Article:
The latest solution to food waste: Clothing made from pineapple leaves

Companies within the fashion industry are using excess food in the production of their textiles to help address food waste.

Alexei | Public Domain
Spools of string

Clothing companies are on a mission to solve…food waste?

The textile industry is notoriously wasteful; around 85% of all textiles are thrown away in the U.S., and around the world, the equivalent of one dump truck filled with clothing is sent to a landfill or incinerator every second. To make matters worse, clothes are often produced using nonrenewable resources and large quantities of water. Now, some companies are reimagining how clothing can be produced in ways that are much less impactful on the environment by getting creative with how they’re sourcing their raw materials. 

Companies such as Ananas Anam (producer of pineapple based textile Piñatex), Vegea (which creates textiles from the grape leftovers from Italian wine production) and Agraloop are using food that would otherwise have been incinerated or sent to the landfill to create their products. These companies and others like them have used many types of food waste in their products, from inedible food scraps such as pineapple leaves and banana plant fibers, to unharvested or unsold foods that would have rotted in fields or gotten tossed from grocery store shelves. One company, QMILK, even makes fabric from milk that is not fit for consumption. Interested in seeing more? Food education group FoodTank has compiled a list of 12 noteworthy textile companies that are doing their part to reduce food waste.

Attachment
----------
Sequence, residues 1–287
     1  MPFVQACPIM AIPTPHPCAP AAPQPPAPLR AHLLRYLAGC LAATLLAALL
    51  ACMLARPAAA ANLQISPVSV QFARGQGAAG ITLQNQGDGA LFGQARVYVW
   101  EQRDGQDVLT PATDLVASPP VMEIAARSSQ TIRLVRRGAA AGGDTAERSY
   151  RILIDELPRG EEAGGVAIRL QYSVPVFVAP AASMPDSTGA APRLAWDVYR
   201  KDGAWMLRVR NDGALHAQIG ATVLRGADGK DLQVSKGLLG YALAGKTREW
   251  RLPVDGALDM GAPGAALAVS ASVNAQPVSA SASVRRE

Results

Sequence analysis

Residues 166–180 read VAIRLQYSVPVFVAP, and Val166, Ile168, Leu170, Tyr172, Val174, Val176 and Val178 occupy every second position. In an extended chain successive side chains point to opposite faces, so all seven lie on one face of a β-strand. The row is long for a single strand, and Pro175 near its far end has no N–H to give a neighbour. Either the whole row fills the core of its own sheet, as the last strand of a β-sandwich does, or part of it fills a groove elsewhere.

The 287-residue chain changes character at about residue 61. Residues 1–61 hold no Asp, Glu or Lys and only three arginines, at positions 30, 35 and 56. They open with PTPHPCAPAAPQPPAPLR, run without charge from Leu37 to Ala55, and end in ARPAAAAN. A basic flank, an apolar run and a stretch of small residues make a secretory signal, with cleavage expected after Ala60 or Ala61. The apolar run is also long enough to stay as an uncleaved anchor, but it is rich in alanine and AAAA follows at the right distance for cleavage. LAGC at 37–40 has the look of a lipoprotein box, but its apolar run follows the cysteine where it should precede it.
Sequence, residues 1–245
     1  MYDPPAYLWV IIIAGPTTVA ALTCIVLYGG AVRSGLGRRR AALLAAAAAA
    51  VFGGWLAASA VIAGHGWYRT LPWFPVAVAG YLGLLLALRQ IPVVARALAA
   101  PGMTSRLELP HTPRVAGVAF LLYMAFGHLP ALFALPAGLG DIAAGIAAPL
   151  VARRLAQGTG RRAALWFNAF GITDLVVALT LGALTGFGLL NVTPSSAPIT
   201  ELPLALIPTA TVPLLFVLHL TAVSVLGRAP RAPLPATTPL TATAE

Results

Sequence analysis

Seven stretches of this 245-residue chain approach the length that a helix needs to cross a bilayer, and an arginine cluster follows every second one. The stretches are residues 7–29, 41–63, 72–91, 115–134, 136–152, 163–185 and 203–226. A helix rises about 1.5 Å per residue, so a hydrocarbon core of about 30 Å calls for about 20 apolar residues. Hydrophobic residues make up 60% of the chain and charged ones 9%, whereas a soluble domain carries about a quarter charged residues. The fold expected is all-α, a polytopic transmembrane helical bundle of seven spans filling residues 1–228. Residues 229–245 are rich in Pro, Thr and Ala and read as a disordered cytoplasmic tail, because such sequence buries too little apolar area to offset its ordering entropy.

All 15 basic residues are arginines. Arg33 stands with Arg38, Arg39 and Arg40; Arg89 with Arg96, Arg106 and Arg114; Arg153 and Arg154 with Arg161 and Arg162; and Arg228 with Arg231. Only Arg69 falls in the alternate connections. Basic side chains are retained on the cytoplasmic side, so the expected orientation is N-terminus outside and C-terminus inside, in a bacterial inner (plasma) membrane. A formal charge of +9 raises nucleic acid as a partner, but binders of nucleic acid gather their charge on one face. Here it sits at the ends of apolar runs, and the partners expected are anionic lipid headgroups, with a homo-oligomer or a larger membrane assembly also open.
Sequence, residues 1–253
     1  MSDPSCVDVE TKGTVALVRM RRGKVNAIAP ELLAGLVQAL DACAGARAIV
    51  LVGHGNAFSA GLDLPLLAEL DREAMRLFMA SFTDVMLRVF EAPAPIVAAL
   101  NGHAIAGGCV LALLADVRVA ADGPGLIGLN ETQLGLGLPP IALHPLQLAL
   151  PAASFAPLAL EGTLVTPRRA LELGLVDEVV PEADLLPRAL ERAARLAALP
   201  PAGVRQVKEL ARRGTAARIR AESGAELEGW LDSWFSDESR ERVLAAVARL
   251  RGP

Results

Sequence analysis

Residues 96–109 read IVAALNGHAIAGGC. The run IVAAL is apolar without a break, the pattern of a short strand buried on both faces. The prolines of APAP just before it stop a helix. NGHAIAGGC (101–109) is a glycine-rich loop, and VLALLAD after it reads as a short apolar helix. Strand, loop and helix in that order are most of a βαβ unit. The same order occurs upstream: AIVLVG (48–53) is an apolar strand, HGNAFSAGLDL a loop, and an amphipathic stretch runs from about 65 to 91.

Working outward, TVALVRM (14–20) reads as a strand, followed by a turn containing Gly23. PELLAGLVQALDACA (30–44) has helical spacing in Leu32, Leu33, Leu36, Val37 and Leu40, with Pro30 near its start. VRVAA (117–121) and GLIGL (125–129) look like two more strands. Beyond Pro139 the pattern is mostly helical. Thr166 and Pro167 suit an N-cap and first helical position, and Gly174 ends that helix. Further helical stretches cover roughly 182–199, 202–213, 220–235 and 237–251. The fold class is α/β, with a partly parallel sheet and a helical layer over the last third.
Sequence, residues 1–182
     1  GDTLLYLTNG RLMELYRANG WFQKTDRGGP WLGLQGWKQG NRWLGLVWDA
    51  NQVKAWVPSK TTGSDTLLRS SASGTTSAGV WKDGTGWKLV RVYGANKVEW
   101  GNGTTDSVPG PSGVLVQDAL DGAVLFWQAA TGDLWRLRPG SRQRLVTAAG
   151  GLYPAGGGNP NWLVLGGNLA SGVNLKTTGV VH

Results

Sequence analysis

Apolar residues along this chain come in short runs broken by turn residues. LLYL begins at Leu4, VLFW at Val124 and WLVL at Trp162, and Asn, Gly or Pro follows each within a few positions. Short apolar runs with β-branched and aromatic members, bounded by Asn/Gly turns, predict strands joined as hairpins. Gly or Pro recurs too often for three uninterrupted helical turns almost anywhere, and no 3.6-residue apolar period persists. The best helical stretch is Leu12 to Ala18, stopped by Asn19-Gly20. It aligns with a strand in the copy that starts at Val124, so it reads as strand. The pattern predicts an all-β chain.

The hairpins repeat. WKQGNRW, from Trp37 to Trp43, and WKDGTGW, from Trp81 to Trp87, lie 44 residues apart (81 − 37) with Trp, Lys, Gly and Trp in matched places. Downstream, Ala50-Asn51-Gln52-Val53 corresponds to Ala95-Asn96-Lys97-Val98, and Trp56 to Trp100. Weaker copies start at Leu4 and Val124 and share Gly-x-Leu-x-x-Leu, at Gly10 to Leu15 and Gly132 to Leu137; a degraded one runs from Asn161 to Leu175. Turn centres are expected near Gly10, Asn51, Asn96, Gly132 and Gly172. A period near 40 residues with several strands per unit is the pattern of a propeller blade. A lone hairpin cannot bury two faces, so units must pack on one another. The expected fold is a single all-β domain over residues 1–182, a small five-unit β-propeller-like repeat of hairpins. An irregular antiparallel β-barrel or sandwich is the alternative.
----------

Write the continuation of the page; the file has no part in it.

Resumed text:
As a consumer, your purchasing decisions have power. If you don’t need new clothing, don’t rush out to buy the latest from one of these companies — you might even have trouble doing that, as many of these companies will need continued time and investment to get to scale. But when you do need a new item, consider taking a closer look at what your clothes are made of and how that might impact the world around you. And for the truly committed: try taking a broader look at your fashion footprint.

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